Traders work beneath a monitor displaying foreign exchange rates at the trading floor of the Philippine Stock Exchange in Bonifacio Global City (BGC), Metro Manila, the Philippines. (Photographer: Carlo Gabuco/Bloomberg)  

After India's Rate Cut, Watch the Philippines Next, S&P Says

(Bloomberg) -- The Reserve Bank of India’s unexpected interest-rate cut Thursday is set to be the first in a wave of monetary policy easing across Asia in 2019, with the Philippines probably next.

After the Federal Reserve took an unusually dovish turn at the January meeting, and with emerging markets rebounding this year, Asia’s central banks are “all going to want to do it,” said Shaun Roache, chief economist for Asia and the Pacific at S&P Global Ratings.

In the Philippines, where the central bank downgraded inflation forecasts on Thursday while keeping the benchmark interest rate unchanged, the rate-cut fever is especially strong. Consumer price growth, which eased to 4.4 percent in January, will probably decelerate rapidly toward the 2 percent to 4 percent target range, prompting two interest-rate cuts this year, said Roache.

After India's Rate Cut, Watch the Philippines Next, S&P Says

Cheaper oil prices and base effects are helping the inflation picture in the Philippines. That’s set to push the real interest rate -- which for some time had been among the lowest in the world -- higher and toward a range that will quell financial instability concerns.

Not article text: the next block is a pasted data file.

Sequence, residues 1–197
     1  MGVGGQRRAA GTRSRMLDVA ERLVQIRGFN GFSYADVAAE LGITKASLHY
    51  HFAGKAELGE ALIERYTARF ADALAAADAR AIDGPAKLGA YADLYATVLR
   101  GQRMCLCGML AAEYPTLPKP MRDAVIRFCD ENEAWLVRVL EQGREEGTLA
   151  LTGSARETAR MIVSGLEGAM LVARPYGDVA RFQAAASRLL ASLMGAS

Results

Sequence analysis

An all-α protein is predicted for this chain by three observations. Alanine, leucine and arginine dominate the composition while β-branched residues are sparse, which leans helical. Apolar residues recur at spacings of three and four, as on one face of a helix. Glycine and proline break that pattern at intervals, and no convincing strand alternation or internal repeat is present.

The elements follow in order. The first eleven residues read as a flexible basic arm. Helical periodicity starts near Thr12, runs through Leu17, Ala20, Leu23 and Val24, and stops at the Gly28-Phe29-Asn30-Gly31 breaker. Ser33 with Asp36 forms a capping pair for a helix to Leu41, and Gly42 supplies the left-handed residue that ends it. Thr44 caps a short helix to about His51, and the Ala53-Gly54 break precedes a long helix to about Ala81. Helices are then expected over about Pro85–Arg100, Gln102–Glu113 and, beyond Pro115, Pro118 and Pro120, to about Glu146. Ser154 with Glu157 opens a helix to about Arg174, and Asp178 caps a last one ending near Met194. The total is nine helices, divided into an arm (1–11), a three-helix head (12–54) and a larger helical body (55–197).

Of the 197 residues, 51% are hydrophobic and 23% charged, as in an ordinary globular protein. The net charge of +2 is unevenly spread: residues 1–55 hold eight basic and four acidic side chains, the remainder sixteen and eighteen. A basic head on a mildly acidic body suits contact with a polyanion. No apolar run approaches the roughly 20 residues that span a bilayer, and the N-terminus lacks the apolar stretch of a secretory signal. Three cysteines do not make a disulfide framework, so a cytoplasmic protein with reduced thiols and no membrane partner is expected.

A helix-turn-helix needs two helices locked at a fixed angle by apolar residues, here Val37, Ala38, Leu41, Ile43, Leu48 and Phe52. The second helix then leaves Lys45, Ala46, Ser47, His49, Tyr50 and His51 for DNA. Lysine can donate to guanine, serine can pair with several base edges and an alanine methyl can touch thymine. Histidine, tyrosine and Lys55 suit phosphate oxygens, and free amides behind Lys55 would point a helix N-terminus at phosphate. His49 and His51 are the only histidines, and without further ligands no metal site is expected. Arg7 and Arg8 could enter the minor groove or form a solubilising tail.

Outside of Manila, Indonesia tops the list of other nations looking to reverse policy tightening this year, though probably after the general elections due in April, said Roache. The two economies were the most aggressive hikers in the region in 2018, each raising interest rates by 175 basis points.

Thailand’s low inflation should have held the central bank back from raising the benchmark interest rate in December, and policy makers will likely reverse that move this year, said Roache. Thai consumer inflation has decelerated for five straight months and is lingering near zero, below the central bank’s 1 percent to 4 percent target range.

Don’t rule out others across Asia slashing interest rates in 2019 as the economic growth outlook dims. All around the region, public expenditures have been steady but “private investment hasn’t come back yet,” said Roache.

©2019 Bloomberg L.P.